On an otherwise calm September 16th in 1903, only a day and a half before the massive “Vagabond” hurricane devastated portions of the city, rival members of two notorious Lower East Side gangs squared off under the elevated platform of the Second Avenue train line. The lengthy and bloody gunfight that ensued was possibly the largest of its kind in American History.
In dispute was a narrow strip of real estate considered to be old New York’s premiere red light district – the Bowery. The largely Jewish “Eastmans,” named for their brutish, pockmarked leader, Edward “Monk” Eastman, held the territory south of 14th street and east of the Bowery. Paul Kelly, a charismatic former pugilist, ran the predominantly Italian “Five Points Gang” under the guise of a political club called the Paul Kelly Association. Five Points territory covered much of lower Manhattan west of the Bowery.
Enemies to the end, Kelly and Eastman clashed for years over control of the Bowery’s lucrative vice profits. The Rivington street fight was not their first violent confrontation, nor would it be the last.Nearly a hundred gangsters (most in their teens or early twenties) participated in the shootout and at least three men were killed. Many others were injured in the chaos amid what was described by newspapers as a “fusillade” of bullets. In the aftermath of the carnage, public officials faced hard questions about the brazen lawlessness of criminal organizations in Manhattan.
Herbert Asbury speculates in the book The Gangs of New York that the conflict began when Eastman thugs stumbled upon Kelly gunmen planning to hold-up a stuss (card) game that was under Eastman protection. Operating stuss games and robbing competing stuss games was a major source of revenue for street gangs of the era.
Contemporary papers place the start of hostilities at Livingston’s Saloon at the intersection of 1st Street and 1st Avenue, where at least one man was shot to death. The conflict spilled out into the street and a small gun fight broke out under the Allen Street arch of the Second Avenue El at Rivington Street. Messengers from both sides were dispatched to nearby gang headquarters to muster reinforcements.
Dozens of gunmen soon arrived and joined their compatriots who were shielding themselves behind elevated train columns. For four hours the gangsters exchanged near continuous fire as terrified residents and business owners boarded up their windows and barred their doors.
It wasn’t until gangsters started firing at responding officers that police reserves were called out to quell the fighting. As the gangsters scattered and sought refuge in nearby safe houses, police conducted a building by building search, eventually apprehending four men at No. 141 Allen Street. One of the men arrested was Monk Eastman himself.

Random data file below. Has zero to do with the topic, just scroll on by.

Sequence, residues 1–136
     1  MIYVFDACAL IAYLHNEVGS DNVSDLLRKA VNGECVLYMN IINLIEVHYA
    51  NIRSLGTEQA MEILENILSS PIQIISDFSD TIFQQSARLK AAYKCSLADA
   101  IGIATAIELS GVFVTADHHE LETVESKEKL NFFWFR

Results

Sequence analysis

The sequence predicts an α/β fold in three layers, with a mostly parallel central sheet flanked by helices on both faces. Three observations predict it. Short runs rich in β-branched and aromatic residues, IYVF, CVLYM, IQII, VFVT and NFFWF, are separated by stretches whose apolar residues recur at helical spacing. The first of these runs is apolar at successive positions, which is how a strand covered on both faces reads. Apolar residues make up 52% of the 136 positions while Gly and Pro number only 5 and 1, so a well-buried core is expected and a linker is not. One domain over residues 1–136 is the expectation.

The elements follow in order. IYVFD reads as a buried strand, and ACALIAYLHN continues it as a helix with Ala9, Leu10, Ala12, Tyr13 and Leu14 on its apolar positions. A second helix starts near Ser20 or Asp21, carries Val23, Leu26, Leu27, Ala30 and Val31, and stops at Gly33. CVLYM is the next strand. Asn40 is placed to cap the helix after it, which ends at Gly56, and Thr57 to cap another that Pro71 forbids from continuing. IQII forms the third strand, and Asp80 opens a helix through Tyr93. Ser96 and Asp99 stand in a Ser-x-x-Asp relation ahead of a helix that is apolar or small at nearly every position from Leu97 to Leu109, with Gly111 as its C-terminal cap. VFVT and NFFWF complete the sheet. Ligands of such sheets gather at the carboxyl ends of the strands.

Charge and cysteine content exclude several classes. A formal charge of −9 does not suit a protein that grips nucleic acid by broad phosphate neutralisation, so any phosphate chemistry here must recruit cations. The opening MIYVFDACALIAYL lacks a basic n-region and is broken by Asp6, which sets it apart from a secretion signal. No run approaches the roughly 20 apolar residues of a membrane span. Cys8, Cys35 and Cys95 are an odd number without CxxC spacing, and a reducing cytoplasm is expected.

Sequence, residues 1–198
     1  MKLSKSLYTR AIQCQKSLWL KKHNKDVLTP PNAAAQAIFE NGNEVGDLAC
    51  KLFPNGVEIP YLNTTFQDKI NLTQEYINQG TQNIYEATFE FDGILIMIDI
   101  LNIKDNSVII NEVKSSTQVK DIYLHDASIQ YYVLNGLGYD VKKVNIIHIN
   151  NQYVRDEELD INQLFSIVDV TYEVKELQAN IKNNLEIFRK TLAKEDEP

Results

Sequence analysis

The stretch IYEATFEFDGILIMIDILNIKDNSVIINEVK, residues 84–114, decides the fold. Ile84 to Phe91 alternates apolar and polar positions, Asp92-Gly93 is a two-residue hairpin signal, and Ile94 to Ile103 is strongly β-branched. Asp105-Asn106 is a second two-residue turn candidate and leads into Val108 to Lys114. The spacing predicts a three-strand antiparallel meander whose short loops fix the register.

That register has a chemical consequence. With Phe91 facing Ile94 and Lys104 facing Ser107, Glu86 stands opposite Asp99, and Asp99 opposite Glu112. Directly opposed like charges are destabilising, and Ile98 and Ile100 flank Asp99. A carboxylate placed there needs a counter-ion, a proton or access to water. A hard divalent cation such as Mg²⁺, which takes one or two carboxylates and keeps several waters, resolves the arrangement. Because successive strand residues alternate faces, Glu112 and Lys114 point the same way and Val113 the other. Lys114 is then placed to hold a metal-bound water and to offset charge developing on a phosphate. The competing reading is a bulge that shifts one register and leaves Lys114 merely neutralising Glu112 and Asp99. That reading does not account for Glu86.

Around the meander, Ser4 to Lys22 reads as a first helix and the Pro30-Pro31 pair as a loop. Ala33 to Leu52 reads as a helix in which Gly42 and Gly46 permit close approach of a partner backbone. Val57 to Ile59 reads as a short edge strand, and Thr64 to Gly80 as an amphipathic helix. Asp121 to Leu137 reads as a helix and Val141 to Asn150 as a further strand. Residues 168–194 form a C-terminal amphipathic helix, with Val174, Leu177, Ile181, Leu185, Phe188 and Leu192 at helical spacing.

As Michael Donovan lay dying in a Bellevue hospital bed from injuries suffered during the battle, police pressed him to identify his attackers. But in accordance with the code of the underworld he refused, saying: ‘I know who shot me, and when I get out, I’ll fix em’. An hour later Donovan was dead and Eastman was once again a free man.
The public outrage over the incident on Rivington Street signaled to politicians that the unconditional support of gangsters could not continue in its current form. After failed attempts to broker a truce between the two sides, Tammany Hall pulled its support of Eastman and Kelly. Police began cracking down on the city’s gangs, leading the arrest and jailing of many prominent gangsters, Eastman included.
In 1911, the Sullivan Act was passed making the concealed carry of unregistered firearms in the city a felony. Prior to the act possession of a pistol carried a ten dollar fine. The sweeping legislation was named for “Big” Tim Sullivan, a corrupt Tammany Boss of the Bowery and Lower East Side who had been a close associate of both Eastman and Kelly. Sullivan, who had his own private mercenary group, could now be assured that his own men were among the few legally packing firearms within city limits.
Over the next two decades, the nature of organized crime in New York City would change dramatically as the street gangs were gradually replaced by professional criminals who could no longer operate in public with impunity. John Torrio, Charles “Lucky” Luciano, and Al Capone would use the lessons learned during the Eastman/Kelly war to build criminal empires all their own.